As a partnership you are effectively both self employed and so, at the end of the year, you report the partnership profit (ignoring anything you have taken out) which is then split between you to calculate individual tax and NI liabilities on your personal tax returns. In other words the partnership itself has no tax liability.

Alternatively, as a Ltd Company, it is the company that owns and runs the business and any profit it makes is taxable on it. You and your "partner" will typically have two roles, firstly as directors, who run the business and can draw salaries, and secondly as shareholders who sit back and wait for any surplus profits to be paid to them as dividends.

So for your personal tax you will typically be declaring salary and dividend income.

In the company's books, anything you draw as salaries are treated as a cost and therefore reduce its profits and tax bill whereas any dividends you draw, make no difference to the company's tax bill.

The various scenarios in these what-ifs are too many to summarise here but if you are not 100% sure of what the situation is likely to be then, generally, it's easiest and less costly to start everything as a partnership and then, if and when it makes sense to do so, transfer over to a Ltd company, later on.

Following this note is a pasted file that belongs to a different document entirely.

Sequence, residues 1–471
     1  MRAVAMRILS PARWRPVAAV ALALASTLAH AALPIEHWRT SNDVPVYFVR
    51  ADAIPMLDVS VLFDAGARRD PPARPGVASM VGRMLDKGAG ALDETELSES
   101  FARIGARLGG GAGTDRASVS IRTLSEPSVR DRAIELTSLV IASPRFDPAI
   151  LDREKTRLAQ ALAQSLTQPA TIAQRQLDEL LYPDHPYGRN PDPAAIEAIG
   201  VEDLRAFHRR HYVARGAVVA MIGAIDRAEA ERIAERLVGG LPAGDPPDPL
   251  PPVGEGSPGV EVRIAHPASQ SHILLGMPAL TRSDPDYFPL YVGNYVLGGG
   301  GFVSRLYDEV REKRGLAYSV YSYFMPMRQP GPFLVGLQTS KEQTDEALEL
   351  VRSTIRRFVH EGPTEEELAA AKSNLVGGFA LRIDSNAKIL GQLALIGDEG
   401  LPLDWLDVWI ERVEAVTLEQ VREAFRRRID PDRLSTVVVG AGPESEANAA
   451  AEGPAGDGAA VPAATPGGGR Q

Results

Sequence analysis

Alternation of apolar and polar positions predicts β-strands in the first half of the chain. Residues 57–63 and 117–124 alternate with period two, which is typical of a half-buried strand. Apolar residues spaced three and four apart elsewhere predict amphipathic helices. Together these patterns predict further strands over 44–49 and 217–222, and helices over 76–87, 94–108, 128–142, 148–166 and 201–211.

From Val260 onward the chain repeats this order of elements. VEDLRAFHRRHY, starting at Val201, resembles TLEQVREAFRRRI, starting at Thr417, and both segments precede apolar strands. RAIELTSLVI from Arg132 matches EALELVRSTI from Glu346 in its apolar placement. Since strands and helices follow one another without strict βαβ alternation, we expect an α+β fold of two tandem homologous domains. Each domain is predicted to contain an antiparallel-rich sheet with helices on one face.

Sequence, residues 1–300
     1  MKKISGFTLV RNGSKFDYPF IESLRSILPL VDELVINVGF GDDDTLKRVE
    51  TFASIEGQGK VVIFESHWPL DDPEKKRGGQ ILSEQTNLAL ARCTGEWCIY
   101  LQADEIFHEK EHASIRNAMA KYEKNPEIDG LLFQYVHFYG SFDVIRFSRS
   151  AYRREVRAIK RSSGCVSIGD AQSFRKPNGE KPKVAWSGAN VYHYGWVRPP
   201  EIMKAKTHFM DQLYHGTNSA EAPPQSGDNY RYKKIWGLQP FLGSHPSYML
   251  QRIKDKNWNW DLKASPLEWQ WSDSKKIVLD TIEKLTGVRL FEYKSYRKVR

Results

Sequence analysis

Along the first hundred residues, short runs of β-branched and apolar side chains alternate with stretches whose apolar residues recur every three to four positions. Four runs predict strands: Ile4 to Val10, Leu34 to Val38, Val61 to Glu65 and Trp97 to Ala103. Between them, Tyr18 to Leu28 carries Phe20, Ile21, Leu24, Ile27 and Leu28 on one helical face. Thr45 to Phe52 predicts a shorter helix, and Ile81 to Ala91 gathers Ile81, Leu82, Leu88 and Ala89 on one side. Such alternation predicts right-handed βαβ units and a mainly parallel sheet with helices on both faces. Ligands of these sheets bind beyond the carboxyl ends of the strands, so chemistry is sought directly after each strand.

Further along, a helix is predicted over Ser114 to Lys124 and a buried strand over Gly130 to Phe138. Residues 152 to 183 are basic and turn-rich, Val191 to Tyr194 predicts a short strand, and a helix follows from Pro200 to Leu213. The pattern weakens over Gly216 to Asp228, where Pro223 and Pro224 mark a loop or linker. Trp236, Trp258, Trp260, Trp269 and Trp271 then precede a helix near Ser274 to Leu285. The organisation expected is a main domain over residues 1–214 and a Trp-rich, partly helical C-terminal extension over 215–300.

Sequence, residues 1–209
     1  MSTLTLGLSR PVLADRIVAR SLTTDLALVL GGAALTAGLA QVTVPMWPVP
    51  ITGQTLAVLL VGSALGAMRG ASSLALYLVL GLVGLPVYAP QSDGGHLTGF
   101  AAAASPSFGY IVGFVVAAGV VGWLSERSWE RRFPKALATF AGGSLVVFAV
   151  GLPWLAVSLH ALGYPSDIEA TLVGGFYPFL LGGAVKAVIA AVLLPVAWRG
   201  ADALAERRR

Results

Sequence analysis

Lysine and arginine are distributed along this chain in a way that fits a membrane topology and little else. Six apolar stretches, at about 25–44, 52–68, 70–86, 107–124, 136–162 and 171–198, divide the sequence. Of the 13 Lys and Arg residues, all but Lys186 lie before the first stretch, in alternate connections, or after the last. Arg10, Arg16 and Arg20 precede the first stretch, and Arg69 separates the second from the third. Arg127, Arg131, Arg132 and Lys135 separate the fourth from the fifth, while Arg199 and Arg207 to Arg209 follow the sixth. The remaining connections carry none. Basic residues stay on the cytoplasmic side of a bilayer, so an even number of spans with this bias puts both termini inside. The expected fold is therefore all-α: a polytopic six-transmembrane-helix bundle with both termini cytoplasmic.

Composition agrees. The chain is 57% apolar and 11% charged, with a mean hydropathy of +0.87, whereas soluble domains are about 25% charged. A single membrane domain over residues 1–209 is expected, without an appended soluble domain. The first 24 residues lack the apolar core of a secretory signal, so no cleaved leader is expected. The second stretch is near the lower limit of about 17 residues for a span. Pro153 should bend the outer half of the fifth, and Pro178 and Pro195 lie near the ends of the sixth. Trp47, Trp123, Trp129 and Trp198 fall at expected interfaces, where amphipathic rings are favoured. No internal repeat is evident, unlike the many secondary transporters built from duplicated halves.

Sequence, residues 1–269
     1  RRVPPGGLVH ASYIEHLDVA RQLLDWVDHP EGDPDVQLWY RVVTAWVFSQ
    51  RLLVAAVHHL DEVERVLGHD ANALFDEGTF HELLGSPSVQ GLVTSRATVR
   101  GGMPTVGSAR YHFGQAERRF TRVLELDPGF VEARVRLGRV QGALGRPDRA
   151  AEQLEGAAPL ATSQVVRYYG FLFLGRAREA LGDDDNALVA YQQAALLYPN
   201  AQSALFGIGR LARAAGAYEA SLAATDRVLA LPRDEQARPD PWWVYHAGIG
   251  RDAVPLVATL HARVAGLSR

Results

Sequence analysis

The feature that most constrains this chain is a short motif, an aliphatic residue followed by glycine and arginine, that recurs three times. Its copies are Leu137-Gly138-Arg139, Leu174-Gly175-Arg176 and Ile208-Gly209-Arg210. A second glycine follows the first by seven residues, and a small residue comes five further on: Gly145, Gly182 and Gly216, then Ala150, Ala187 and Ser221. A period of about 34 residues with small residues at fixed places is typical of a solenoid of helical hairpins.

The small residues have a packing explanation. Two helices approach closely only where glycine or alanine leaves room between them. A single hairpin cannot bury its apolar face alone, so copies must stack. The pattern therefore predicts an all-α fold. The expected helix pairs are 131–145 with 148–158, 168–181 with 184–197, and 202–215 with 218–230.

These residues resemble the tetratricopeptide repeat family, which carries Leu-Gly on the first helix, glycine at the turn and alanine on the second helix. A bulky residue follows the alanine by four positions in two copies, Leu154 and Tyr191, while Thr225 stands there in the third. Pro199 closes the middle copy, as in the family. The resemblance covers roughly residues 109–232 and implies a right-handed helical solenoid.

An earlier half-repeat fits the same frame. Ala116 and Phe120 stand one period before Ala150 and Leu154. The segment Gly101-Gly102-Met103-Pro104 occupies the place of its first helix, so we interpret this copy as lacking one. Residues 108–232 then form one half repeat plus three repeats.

Another key aspect, that many fail to cater for, is to decide, from day 1, what happens if one or both of you decide to call it a day. Believe me, I've lost count of the number of businesses (including my own) who started with the best of intentions towards making a go of the business only to fall apart a few years down the line when circumstances change or the "partners" fall out.

In a partnership, the rules for breaking it up are set in very basic and unhelpful legislation from the late 19th century and so, even if really basic, you should write down what will happen should one or both of you decide to call it a day. An accountant can help with a partnership agreement however there is free online content that can help you do this for yourself and you need then only ask for help on elements you are not sure of.

A Ltd company, on the other hand is its own boss and so directors and shareholders can come or go without, necessarily destroying the business. Also, the ways in which directors and shareholders come and go is set out in up to date and comprehensive legislation. This doesn't stop arguments and stalemate (especially with a 2 person company) and so, again, it's usually wise, to have something in writing over what happens should you fall out.

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to Paul Scholes
06th Dec 2018 12:01

Hi Paul,

Thank you very much indeed! That is by far the most informative and helpful reply I have had to date! I was aware that it wasn't a straight forward question and there are many variables to consider. You have given me a great starting point and some avenues to explore. I will seek the advice of an accountant who specializes in this field

Kind regards